As San Francisco real estate agents, we are often asked about condo Homeowner Associations, aka HOAs, by our home buyer clients. What are they? What do they do? What do they cover? Is it a waste of money? And so forth.
Also known as an HOA, a Homeowners Association is the organization formed to run and maintain a subdivision or planned unit development such as a condo, town home, gated community or neighborhood subdivision. In San Francisco, condos are the most common forms of HOAs though there are a few single family home neighborhoods that have annual fees. Think St Francis Woods… Members of the HOA (i.e. the owners) are obligated to pay fees to their HOA. The fee and what it covers varies from association to association. The homeowners association is governed by the CCRs (Covenants, Codes and Restrictions).
While the oversight of HOA’s in most states is minimal, California has a body of HOA laws that mostly serve to protect homeowners. As Realtors, we cannot offer legal advice about HOA’s, but we can offer guidelines about the types of questions you should be asking when considering a condo purchase.
The Benefits of Homeowners Associations in San Francisco
Being part of a collective like an HOA does come with certain benefits as a homeowner. Benefits can include:
- Common area maintenance and property management services
- Garbage and Water service (and sometimes, other utilities)
- Community activities and involvement
- Recreational amenities such as pools, gyms and other common areas
- Building insurance coverage
- Adherence to community standards for both the building’s appearance and occupant’s behavior (think pet policy or short term rental restrictions)
In smaller HOAs, such as the many San Francisco Victorian and Edwardian multiunit buildings, the homeowners association is often quite casual. Still governed by the CCRs, you may find that there is no outside property management and that bills are split and paid as they come. The larger high rises such as those in Soma and South Beach will have professional management and more perks (and higher dues). There are pros and cons to each.
Shopping for a condo? Here are good questions to ask about the HOA.
The SFhotlist Team at Keller Williams San Francisco works with many San Francisco condo buyers. Over the years, we’ve come up with a list of frequently asked questions about the condo association. Here are some of the most common questions Realtors are asked about HOA’s in San Francisco.
- Am I able to rent out my unit?
The answer to this question will vary by HOA. Ask whether or not there are any rental restrictions, either for short term (under 30 days) or long-term (typically 6 months or more). You can also ask how many units in the building are currently rented. Banks have restrictions on the ratio of owner-occupied to rental units so you’ll want to know in advance.
- What is the pet policy?
Considering there are more dogs in San Francisco than children, the answer will affect many prospective homeowners. In fact, the question is so common that Danielle Lazier now posts the pet policy directly in the MLS agent remarks!
Good news for pet lovers: California law prohibits condo deed restrictions against keeping pets. The Davis-Stirling Act states that no condo association can prohibit a unit owner from keeping at least one pet, subject to the HOA rules. (Civ. Code §4715) “Pet” is defined as any domesticated dog, cat, bird, aquatic animal kept in an aquarium, or other animal agreed on by the HOA and the unit owner. However, the HOA may limit the number, size and breed of pet the owner may keep.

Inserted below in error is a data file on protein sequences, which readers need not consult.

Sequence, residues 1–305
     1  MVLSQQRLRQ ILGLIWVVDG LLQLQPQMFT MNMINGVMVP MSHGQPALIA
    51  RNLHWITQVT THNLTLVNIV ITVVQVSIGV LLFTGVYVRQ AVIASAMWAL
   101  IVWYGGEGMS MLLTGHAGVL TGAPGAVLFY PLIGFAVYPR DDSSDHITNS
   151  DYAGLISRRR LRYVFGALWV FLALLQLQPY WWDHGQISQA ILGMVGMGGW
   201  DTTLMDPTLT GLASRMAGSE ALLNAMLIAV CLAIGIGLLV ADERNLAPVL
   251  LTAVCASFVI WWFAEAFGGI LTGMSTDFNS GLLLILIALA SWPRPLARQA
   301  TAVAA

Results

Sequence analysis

Service animals must always be permitted. The Americans with Disabilities Act allows people with disabilities to bring their service animals wherever the public is allowed.
- Why are the HOA dues so high?
HOA dues in San Francisco range from approximately $175 all of the way to $2000+ per month. As is probably obvious, the dues for a Noe Valley duplex with no elevator, no doorman and no saline swimming pool will be lower than those for a penthouse at Lumina with all of the luxury high rise bells and whistles.
In general, HOA dues cover the costs to maintain and manage the building. This can include property insurance, water, garbage, landscaping, management and maintaining a “reserve account” put aside for bigger ticket maintenance items like exterior painting, installing a new roof, etc.
If the operating budget is too low with no reserves set aside, the costs for unexpected needs will be placed suddenly on the HOA members in the form of a special assessment, which can be quite the financial shock if members aren’t prepared.
Some associations choose not to keep reserves so that the monthly fee is low. If you buy into a building like this, you get to keep more of your money each month but be prepared to share the costs of maintenance as it happens over time.
- What are the restrictions on home remodeling and alterations?
Each HOA will have its own restrictions on remodeling and unit alterations. For the most part, you can do what you want within the walls of your unit as long as your remodel doesn’t adversely affect the structural integrity of the building or the architectural appeal from the outside. You may be required to submit architectural plans before beginning work and of course, you’re expected to do work to code with licensed contractors.
As skilled real estate consultants with the SFhotlist Team and Keller Williams San Francisco, we’ll guide you through the HOA disclosures and help you discover what’s most important to you in a condo.
If you’re looking to buy or sell a home, we are here to help! Reach out to schedule a free consultation.